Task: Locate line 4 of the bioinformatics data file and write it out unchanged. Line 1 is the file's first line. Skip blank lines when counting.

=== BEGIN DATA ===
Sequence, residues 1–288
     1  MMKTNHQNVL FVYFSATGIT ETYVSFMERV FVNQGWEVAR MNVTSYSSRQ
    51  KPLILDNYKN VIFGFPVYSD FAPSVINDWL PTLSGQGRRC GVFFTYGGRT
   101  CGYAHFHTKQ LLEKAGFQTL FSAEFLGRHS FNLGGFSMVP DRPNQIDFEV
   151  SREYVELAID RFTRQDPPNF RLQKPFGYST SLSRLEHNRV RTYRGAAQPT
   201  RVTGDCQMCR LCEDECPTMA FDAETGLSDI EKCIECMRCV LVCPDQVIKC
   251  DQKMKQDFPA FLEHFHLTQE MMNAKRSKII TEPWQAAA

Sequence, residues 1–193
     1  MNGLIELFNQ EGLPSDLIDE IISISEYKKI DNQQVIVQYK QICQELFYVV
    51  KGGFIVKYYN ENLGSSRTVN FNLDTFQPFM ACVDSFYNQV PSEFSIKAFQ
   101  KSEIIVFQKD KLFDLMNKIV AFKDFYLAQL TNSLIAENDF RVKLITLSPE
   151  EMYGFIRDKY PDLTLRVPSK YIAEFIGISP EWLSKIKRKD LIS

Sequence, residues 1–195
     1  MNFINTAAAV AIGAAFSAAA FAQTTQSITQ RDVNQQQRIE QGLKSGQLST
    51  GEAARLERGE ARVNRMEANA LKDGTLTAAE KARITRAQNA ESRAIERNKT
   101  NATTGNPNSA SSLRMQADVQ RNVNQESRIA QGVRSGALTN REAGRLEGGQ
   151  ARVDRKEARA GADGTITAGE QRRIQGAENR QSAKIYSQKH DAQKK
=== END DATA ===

   101  CGYAHFHTKQ LLEKAGFQTL FSAEFLGRHS FNLGGFSMVP DRPNQIDFEV